{January, 1986, Adview Magazine}


The North Carolina Legislature has recently addressed the pornography issue by banning the dissemination of a great deal of what easily qualifies as pornography. It has also limited the accessibility of certain kinds of pornography in order to protect minors. Presumably, what is now a strong public policy against pornography has a moral basis and is not simply a response to political pressure.


As human beings we sometimes engage in activities that we enjoy but don't feel quite right about. When criticized we frequently reply, "What's wrong with it?"  We all know that the inability to give a reason why something is wrong does not make it right. But when our behavior is challenged, we instinctively want to put the challenger on the defensive. By demanding "What's wrong with it?" when our behavior involves pornography, we usually can quiet our critic because he usually cannot give us a reason.


Thus, we, as individuals and as citizens whose laws limit obscenity, need an answer to the question, "What is wrong with pornography?"


There is a distinction between treating persons as persons and treating them as things. I treat a person as a thing when I see him as something to manipulate, to use as a means to an end. I treat a person as a person when I see him as having dignity, as being inherently worthy of respect. Pornography may be defined as the commercial exploitation of our tendency to treat as things those who, if we loved them, we would treat only as persons.


From a purely rational point of view, we wish for all human beings to be treated as persons. We would never treat them as things. Alas, we are not purely rational.  Indeed, we are virtually irrational when it comes to pornography because we consumers of pornography are required to engage in a kind of double-think.


No loving father would permit a photographer to take pictures of his unclothed daughter for the purpose of selling those pictures. Nevertheless, the same loving father who would not permit that activity with his own daughter would encourage the activity by buying magazines containing similar photographs of someone else’s daughter. This kind of double-think is sometimes known as hypocrisy. Hypocrisy is the hard core of pornography.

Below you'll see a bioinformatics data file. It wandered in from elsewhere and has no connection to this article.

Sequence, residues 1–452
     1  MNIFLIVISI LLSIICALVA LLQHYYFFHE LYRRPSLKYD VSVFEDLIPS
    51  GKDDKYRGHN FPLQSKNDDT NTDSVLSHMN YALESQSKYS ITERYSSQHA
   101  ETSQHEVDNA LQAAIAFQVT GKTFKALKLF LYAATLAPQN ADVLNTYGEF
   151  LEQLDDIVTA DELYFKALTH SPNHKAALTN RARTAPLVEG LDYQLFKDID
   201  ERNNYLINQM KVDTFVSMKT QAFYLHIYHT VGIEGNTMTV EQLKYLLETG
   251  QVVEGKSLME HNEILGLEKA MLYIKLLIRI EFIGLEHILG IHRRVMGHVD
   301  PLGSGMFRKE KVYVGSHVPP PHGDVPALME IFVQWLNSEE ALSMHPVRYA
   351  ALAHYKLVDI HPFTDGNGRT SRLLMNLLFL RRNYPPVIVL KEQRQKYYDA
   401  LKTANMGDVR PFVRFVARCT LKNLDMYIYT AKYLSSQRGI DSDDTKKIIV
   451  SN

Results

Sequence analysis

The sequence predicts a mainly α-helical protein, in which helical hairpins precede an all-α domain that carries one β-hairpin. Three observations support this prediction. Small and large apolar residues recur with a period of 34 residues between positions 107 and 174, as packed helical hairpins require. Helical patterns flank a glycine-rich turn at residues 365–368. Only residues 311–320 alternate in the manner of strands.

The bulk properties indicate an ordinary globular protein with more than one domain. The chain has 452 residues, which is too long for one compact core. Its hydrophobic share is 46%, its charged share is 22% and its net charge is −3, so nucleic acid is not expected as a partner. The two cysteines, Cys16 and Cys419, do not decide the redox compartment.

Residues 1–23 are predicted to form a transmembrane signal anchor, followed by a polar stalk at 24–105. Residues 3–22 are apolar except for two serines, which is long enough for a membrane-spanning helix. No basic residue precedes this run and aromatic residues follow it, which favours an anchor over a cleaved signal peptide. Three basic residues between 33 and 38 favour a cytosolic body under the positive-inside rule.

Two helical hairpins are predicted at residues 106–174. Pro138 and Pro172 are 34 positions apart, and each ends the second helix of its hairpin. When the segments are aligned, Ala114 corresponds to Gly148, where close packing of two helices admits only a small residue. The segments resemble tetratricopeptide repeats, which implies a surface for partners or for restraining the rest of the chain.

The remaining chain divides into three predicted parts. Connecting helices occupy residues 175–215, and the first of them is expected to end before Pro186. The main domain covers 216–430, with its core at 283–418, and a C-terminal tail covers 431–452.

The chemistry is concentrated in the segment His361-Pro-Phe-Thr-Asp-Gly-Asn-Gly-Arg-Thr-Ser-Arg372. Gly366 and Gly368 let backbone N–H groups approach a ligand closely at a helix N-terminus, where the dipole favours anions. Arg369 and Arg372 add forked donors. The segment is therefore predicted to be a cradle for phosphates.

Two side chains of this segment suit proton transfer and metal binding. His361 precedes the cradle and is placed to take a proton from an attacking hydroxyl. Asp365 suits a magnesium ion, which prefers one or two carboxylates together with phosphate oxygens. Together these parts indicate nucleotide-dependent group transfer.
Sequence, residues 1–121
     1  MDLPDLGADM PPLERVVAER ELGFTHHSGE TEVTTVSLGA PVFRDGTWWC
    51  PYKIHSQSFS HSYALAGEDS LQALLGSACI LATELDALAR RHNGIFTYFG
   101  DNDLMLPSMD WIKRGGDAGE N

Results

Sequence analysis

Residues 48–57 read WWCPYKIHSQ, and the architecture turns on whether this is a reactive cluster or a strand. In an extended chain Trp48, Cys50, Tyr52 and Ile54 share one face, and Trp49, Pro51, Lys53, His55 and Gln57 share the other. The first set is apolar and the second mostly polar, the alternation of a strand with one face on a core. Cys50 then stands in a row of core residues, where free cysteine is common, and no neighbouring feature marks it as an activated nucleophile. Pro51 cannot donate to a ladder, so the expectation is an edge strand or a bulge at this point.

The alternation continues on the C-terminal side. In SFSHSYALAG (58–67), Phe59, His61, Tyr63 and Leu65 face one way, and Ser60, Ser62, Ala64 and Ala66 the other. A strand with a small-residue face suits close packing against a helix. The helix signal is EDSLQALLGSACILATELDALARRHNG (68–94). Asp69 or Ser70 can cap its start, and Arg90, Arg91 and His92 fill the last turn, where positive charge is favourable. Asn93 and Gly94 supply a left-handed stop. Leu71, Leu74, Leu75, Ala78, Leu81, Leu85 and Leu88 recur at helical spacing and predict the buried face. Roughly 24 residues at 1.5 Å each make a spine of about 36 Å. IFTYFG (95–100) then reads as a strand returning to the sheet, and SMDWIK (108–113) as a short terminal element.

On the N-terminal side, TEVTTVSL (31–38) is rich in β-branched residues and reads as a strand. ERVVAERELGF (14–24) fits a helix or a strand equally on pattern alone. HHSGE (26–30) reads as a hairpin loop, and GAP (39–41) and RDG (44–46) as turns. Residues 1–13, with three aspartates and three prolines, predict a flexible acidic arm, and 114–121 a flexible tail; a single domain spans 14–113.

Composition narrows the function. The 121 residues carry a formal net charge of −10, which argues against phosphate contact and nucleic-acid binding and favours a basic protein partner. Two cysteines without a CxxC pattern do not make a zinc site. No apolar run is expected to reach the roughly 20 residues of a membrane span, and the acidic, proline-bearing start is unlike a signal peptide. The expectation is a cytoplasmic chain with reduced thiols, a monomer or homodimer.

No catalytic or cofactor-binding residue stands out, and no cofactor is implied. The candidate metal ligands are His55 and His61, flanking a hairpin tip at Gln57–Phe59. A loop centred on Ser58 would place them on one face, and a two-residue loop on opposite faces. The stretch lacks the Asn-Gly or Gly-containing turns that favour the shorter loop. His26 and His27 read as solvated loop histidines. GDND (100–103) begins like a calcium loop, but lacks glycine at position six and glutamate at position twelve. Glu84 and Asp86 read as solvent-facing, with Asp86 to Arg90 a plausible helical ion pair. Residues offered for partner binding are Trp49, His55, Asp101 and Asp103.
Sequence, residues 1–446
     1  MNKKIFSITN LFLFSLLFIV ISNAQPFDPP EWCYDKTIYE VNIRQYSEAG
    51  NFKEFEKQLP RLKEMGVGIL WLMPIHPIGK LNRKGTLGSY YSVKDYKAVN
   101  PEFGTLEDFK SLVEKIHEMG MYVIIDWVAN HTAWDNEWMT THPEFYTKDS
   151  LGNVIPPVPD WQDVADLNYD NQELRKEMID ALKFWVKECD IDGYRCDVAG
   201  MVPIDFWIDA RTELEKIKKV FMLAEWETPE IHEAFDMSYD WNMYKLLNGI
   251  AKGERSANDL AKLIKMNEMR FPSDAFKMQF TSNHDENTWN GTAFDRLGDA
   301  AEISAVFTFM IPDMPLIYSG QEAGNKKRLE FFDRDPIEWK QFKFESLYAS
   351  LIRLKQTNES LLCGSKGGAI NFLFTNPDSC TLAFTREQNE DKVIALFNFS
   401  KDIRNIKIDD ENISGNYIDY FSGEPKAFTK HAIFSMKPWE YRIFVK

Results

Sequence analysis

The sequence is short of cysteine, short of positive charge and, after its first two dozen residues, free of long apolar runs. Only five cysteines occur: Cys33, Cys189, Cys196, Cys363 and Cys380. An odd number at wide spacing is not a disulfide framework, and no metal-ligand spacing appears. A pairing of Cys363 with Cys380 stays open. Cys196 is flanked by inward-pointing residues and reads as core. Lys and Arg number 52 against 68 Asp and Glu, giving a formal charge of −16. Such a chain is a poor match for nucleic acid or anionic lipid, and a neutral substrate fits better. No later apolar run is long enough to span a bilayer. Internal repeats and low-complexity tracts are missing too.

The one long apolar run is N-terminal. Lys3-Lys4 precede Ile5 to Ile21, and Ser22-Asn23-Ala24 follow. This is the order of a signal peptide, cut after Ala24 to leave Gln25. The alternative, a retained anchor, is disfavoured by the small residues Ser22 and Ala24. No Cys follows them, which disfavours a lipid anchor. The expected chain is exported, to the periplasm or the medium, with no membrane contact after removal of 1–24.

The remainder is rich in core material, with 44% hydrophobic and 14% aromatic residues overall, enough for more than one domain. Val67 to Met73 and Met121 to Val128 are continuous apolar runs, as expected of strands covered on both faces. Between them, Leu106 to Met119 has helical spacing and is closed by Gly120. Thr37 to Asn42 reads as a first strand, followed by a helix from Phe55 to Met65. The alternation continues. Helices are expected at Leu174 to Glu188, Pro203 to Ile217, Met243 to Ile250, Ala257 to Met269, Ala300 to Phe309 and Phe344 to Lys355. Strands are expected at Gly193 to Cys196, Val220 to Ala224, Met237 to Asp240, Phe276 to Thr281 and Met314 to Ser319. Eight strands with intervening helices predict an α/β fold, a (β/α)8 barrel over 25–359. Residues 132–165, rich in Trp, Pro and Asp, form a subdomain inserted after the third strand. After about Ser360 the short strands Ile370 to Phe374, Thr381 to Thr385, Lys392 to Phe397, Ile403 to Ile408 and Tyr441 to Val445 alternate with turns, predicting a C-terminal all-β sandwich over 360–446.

Now, I must admit the double-think just illustrated is absent when the father does not love his daughter. But to such a father I have nothing to say. Moral reasoning is not possible with a non-moral person. One can only reason with someone who shares certain basic convictions. A father who willingly exploits his own daughter is not being hypocritical when he exploits someone else's daughter. He is being perfectly consistent. But he is also demonstrating a gross insensitivity that makes him impossible to reason with.


What makes pornography wrong is that it dehumanizes us. What makes pornography possible is hypocrisy. We have now, through our legislature, attempted by legal sanctions to reinforce the moral sanctions that have apparently not been effective against our hypocrisy.


We dehumanize one another in many ways. Pornography is only one of the ways, and it is certainly not the most serious way. The new pornography laws should be enforced. Purveyors of pornography should find no aid or comfort among us. But we should not lose our sense of perspective by concentrating our efforts on eliminating this social evil.  We should instead continue to humanize our society -- to nurture a sense of dignity and respect for oneself and others -- by encouraging individual self-determination through educational and economic development.  




   -Contact Me-



We all see things in different ways. Help me to see things your way. I welcome  your questions and comments.   


    --- Jesse Shearin





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